You're welcome, although I find myself intrigued by the issue you raise with your contention that one sport is more intellectually engaging than another.

I think, of course, that you can make such a determination, but that the question is far from straightforward.

Part and parcel of weighing that question is often asking, "engaging -- in what way?"

Take baseball. Before I saw my alma mater, Rice University, win the College World Series, narrated by an exceptional announcer, that game was, to me, all fat, superstitious guys standing around, chewing tobacco and scratching themselves. But this guy made the game come alive for me by explaining the strategy and what kind of thinking went into the coaches' and players' decisions.

Before I watched that, I thought soccer was the more intellectually engaging of the two games. Now, I see that both are engaging, but in different ways, with soccer, due to its free-flowing nature, much more improvisational and much more up to the individual players than baseball. Baseball, by contrast, is more deliberate, but has less room for jazzing things up on the fly.

In any event, thanks for your comment. That's an interesting issue.


Anonymous said...

For those baseball fans seeking other intellectual sports, I would recommend "test match" cricket - a 5 day international match.

Is it covered in the US?

Ignore the fact that a game of cricket can be stopped due to bad weather, and that even after 5 days the match could still end in a draw!

There is a shorter "one-day" version (also called "limited over" cricket) which 99% of the time, weather permitting, a positive result. This type of game lasts about 7 hours.

Interestingly, a new shorter version of the game, lasting about 3 to 4 hours was recently introduced to great success...and great entertainment.

Called "Twenty-Twenty" it is less technically pure than the 5-day game, and is suitable for people with short attention spans!

This begs the question about whether a fan of a particular sport would consider it reasonable for the games administrators to change the format of a game? In England, there are the purists who are aghast at such meddling with a game's format.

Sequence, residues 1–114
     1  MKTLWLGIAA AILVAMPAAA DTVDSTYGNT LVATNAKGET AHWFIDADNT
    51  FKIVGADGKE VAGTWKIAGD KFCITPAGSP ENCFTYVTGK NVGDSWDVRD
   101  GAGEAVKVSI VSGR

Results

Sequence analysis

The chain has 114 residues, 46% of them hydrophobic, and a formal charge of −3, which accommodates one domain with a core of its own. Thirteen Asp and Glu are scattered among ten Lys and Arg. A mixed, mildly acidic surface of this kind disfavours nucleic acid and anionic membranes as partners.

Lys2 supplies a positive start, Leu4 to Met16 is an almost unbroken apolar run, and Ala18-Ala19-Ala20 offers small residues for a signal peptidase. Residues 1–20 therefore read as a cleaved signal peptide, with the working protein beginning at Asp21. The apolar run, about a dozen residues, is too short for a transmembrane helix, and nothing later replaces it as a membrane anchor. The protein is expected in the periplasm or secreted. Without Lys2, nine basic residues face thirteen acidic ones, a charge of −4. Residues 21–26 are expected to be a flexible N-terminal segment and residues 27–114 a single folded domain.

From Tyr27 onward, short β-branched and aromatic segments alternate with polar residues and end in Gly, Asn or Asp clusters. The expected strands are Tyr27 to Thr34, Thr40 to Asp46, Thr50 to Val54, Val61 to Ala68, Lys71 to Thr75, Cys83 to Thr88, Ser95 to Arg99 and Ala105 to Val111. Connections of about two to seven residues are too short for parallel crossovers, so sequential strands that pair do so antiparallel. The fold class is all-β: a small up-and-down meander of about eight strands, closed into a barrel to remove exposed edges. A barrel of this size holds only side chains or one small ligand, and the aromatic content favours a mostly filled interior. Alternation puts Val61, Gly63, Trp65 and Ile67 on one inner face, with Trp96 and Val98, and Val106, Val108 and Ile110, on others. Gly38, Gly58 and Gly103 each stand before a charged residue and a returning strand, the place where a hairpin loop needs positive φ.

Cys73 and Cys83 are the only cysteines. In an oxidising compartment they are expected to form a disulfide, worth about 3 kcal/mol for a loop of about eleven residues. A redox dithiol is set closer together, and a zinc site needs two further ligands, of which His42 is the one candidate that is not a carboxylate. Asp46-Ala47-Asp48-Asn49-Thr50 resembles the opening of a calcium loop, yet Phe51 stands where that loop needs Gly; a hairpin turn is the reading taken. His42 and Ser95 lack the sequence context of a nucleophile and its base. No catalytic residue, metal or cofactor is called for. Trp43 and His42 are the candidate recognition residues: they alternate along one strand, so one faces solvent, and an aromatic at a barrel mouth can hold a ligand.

Yet cricket has so many different version that each can appeal to a different type of audience and each format can exist in its own right.

Sheffield, England

Gus Van Horn said...


First, apologies for posting your comment so late. I was flying Saturday and then didn't receive the emailo notification of a comment in the queue I customarily get.

Cricket beats soccer hands down as a sport that draws blank expressions and probing questions like, "What's that?" from Americans!

The game is barely a blip on the radar here, although I recall hearing that an international exhibition match (I don't recall which type.) was played in Florida recently on a site prepared for the purpose. (I recall it still not being quite right for the game.)

There's little coverage of the game here. I see snippets of cricket news occasionally when Fox Sports Channel slips in Sky News feeds, but that's it, as far as I know.

I'll keep an eye out for twenty-twenty, as it seems like it might be a way for me to see enough of the game to reinforce the smattering of cricket knowledge I do have, and perhaps also gain some appreciation for the game.

Baby steps...